A new way to read applications - Committee Based Evaluations
There is a relatively new way that applications are being read in admissions offices called Committee Based Evaluations that was started by an admissions officer at the University of Pennsylvania. Now, when you apply to Penn, your application is read by two people — at the same time, sitting right next to each other. One will be the "driver;” this person manages the “territory” (admissions speak for the geographic location) that the application is coming from. The driver is someone who is familiar with your school’s curriculum, opportunities, and overall grading system, and will focus on the more quantitative and academic side of your app (transcript, school profile, counselor recommendation, and teacher recommendations). The second reader will be assessing the more personal and qualitative components of your app (the application, essays, alumni interview, and any additional information or recommendations). The two readers will then discuss the applicant together as they read through the application to ensure the most thorough read. This strategy guarantees more eyes on every application — focusing on each facet — and we won’t be surprised if more colleges begin to adopt this procedure in the coming seasons.
What is Early Decision 2 really?
A panel of Admission Officers from Claremont McKenna, Colorado College, and University of Chicago examined Early Decision 2 and why those acceptance rates are significantly lower than Early Decision 1. Claremont McKenna saw a 13% drop in acceptances between the two rounds, Colorado College saw a 9% drop, and the University of Chicago declined to share their numbers. However, there were a few themes throughout all of their presentations that alluded to why this is the case. In addition to being a larger applicant pool in Early Decision 1 as opposed to Early Decision 2, students with “hooks” - something that allows them to stand out in the process - most often apply in the first Early Decision round. These students are the legacies and recruited athletes and oftentimes are able to have the conversation with admissions (via a coach) before applying, helping to ensure that their Early choice is within reach. The other notable difference that everyone (myself included) saw between the rounds is that the strength of the Early Decision 2 pool is weaker than Early Decision 1. Not in such a way that it makes it easier for a student to get in through ED2 as opposed to ED1, but because students sometimes overreach on where they are applying. This makes the choice of selecting an Early Decision 2 school that much more strategic for those students who either don’t get into their Early Decision 1 school or don’t apply in the first round.
The TOEFL has competition
Duolingo, the popular language learning platform, has rolled out a competitor to the TOEFL test. Using the data they’ve collected on language learning patterns from its millions of users, they’re able to test people on their level of English proficiency. They can do this at a much faster rate by having the test adapt to the user’s level of fluency, allowing them to complete it in 45 minutes rather than 4 hours. This test has already been adopted as an alternative to the TOEFL by top schools including Yale, Duke, WashU, Tufts, UCLA among others. More information (and an opportunity to try the test out) to come soon!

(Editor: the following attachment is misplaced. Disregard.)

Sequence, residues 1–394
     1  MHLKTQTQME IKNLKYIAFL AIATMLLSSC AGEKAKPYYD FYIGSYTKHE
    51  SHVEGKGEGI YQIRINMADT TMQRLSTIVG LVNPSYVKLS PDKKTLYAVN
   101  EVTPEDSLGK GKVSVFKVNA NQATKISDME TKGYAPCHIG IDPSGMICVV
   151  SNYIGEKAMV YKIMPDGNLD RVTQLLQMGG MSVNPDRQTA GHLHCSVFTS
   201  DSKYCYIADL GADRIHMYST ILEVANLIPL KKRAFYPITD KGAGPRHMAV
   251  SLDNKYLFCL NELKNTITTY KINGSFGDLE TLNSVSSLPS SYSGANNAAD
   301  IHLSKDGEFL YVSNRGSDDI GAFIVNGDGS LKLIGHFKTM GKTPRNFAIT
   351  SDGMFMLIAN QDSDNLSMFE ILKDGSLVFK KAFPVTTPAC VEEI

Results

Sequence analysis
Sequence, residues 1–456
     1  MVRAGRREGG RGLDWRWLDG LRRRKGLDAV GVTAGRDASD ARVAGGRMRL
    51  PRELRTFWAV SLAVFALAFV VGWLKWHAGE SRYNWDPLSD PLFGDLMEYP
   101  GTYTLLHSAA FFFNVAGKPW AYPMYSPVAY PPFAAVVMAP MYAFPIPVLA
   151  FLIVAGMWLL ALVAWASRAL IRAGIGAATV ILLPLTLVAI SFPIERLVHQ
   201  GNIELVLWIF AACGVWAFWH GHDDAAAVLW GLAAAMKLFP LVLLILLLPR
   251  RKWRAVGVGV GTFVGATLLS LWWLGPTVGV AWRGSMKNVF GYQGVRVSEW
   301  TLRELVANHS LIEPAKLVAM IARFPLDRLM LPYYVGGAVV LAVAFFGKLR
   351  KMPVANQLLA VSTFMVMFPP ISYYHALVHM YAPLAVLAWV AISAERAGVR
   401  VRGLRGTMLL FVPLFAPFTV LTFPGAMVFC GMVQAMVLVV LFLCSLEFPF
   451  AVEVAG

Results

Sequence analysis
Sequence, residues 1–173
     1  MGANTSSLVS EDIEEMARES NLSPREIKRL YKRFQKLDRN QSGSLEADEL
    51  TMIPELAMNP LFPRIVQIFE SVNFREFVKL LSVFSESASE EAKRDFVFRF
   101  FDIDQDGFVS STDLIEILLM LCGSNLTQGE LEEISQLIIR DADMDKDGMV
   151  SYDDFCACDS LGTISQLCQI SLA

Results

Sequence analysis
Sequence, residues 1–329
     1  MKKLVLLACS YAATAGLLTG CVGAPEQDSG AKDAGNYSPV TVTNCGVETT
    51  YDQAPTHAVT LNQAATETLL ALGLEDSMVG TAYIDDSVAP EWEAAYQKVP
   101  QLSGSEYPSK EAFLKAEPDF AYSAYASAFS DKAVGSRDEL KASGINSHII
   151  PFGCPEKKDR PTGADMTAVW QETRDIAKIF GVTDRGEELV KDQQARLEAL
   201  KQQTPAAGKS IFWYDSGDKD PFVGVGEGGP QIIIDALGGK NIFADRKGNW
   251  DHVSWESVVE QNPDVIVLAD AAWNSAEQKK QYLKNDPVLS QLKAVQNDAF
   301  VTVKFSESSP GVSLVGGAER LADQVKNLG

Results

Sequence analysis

“Fit” isn’t just a buzzword — it’s an increasingly important angle to evaluating college applications.
The vast majority of universities are moving towards putting more emphasis on "fit.” A number of admission officers and deans that we spoke with brought up the importance of using fit to prioritize applicants — in a manner more prominent than it has been in years past. They spoke about this in the sense that applicants who may seem qualified for a school, but don't fit in (one example given was a non-STEM student applying to CalTech) wouldn't be accepted. On the other hand, students who might seem a little under qualified for a given school but are a really good fit for the campus and academic life would, in fact, be offered a spot. While this concept has always been a factor in the admissions process, it seems as though it will be weighed even more heavily. With this in mind, the narrative students share is even more important than ever.
You have more control over your recommendation letter than you think
Some high schools are developing a new format for writing letters of recommendation. While not the most groundbreaking news, some schools are trying to structure their letters to have individual sections for showing (1) how the student did in the larger context, (2) what his or her activities and interests are, and (3) what kind of impact he or she has made on the community or school at large. This means that it’s now more important than ever for students to diligently fill out their “brag sheets” — a term often applied to the self-reporting form students submit to guidance counselors. If this isn’t an option at your school, take the initiative to send your guidance counselor a summary of your achievements and contributions to your classrooms and community. This way, you can be sure your counselor will have plenty of glowing anecdotal information to draw from when drafting your recommendation letter.